I see a beautiful state school and brilliant young people rising from this abyss, and, in their struggles to be truly active, in their triumphs and defeats on the sports field, through long years to come, I see the inactivity of this time and of the previous time of which this is the natural birth, gradually making expiation for itself and wearing out. . . .
I see that child, a man winning his way up in that path of life which once was mine. I see him winning it so well, that my name is made illustrious there by the light of his. . . .
It is a far, far better thing that I do, than I have ever done; it is a far, far better rest I go to than I have ever known.

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17 thoughts on “A tale of two schools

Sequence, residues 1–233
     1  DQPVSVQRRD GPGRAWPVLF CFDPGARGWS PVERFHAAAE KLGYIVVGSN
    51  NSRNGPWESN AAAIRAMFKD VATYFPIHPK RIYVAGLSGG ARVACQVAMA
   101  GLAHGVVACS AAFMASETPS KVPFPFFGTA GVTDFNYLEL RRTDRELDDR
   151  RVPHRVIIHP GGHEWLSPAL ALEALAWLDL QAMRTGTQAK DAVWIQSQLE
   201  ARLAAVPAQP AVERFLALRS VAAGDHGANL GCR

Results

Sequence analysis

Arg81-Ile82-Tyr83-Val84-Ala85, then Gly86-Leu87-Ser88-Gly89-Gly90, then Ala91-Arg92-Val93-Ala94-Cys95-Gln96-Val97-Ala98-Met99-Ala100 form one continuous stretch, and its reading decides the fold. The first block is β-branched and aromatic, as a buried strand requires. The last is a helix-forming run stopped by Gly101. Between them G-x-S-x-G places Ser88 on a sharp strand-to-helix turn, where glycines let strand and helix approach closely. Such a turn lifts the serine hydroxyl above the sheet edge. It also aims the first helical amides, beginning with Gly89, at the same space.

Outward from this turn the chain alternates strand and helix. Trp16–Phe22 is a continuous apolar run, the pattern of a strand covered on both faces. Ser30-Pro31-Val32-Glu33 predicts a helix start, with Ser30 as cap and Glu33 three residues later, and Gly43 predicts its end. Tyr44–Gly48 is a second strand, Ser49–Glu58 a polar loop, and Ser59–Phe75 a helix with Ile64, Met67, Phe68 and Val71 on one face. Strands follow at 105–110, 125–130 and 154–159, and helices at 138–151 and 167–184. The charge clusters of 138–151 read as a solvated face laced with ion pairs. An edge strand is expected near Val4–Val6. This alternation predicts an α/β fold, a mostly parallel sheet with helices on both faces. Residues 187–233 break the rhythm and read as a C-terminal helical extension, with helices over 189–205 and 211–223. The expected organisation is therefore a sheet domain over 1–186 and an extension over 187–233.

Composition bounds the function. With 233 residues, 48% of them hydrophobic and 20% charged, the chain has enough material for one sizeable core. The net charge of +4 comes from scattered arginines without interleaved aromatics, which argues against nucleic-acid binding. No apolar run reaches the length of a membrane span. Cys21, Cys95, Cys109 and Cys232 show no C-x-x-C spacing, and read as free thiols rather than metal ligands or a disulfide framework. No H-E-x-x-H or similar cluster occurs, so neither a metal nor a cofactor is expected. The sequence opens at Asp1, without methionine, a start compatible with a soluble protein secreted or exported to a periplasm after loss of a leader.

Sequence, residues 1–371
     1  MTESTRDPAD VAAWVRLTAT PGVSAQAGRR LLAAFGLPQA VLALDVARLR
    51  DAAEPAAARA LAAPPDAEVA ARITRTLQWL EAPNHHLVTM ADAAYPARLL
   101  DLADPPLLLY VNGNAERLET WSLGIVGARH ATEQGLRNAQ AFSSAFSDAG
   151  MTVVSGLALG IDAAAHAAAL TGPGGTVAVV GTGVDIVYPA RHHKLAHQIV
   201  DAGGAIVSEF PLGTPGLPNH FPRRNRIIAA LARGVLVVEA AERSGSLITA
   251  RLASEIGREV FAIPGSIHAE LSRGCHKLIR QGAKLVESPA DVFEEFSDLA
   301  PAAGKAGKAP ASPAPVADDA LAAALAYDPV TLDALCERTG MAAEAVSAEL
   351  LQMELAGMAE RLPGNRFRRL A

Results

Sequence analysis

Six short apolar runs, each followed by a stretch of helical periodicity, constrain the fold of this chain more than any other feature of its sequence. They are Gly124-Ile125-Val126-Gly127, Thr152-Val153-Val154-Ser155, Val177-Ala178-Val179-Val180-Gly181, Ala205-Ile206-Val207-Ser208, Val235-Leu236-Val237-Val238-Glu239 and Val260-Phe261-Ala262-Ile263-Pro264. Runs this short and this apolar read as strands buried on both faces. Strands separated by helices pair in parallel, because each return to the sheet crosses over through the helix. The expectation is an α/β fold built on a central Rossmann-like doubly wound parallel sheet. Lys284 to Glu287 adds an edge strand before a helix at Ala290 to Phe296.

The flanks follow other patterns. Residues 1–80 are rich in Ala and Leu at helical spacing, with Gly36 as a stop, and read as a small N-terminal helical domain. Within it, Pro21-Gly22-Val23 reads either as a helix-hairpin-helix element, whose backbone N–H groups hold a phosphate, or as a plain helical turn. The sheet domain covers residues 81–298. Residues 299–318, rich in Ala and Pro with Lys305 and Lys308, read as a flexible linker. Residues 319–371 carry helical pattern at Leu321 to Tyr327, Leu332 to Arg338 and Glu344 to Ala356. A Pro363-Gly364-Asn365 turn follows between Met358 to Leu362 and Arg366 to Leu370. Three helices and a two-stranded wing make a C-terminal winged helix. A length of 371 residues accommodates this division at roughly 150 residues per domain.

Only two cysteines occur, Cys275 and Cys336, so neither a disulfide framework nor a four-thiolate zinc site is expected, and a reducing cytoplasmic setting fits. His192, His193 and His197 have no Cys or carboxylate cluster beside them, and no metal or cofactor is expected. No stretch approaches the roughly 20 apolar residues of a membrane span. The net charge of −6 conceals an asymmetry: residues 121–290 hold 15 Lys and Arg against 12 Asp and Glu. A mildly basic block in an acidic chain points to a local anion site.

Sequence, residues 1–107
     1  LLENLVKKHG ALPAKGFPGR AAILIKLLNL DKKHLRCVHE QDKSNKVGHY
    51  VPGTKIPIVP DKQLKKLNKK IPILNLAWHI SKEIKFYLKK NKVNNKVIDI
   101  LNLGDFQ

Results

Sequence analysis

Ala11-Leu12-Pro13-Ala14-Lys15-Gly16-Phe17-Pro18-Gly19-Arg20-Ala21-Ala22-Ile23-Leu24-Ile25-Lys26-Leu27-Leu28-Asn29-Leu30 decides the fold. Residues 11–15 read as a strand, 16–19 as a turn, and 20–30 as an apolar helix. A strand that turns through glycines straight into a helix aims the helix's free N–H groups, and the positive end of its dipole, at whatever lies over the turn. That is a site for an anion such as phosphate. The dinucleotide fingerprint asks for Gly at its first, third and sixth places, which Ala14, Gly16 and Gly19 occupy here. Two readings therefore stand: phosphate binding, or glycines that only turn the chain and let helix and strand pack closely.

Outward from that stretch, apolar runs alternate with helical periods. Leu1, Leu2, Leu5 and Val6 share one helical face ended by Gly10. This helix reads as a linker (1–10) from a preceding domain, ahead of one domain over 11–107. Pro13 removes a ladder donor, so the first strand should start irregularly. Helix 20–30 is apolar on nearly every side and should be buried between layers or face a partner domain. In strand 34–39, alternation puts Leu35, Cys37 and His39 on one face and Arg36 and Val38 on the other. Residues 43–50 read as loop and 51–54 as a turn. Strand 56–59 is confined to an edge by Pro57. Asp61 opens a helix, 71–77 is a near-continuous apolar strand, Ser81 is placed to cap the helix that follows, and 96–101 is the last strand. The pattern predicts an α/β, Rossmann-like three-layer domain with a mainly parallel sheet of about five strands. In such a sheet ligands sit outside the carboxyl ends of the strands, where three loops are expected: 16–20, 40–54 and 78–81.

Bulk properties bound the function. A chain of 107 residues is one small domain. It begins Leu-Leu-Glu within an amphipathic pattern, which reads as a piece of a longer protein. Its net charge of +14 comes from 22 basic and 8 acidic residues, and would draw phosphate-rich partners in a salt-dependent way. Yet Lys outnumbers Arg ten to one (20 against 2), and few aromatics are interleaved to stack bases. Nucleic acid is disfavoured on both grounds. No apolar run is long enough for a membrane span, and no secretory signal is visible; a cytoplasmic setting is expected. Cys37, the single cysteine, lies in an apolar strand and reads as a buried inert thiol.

1. Good piece. It chimes with my experience. One interesting additional phenomenon is that students and parents in the state sector tend to make greater use, in my experience, of outside sports clubs and facilities. My kids, one who represented his country (not mine – I’m Scottish), got all of his expertise and practice from outside of the school. The school weren’t interested in his success at all. My family back in Scotland have competed at high levels in football, golf and swimming – none of which was encouraged or supplied by the school. Indeed, Scotland has recognised this and encouraged the non-PE ‘agent’ apprcoach for schools, staff who liaise with outside sports clubs. Your fundamental point, however, is that state schools have abandoned extra-curricular activity in sport – this is generally true. As a Governor in a large comprehensive, parents complained about this, the facuilties were there, but teachers (and those in charge of recruitment) showed no interest. To conclude, I came to the conclusion, after trying to change this for some years, that it will now never happen in state schools. The culture has changed irreversibly. The Scottish model seems like the way forward.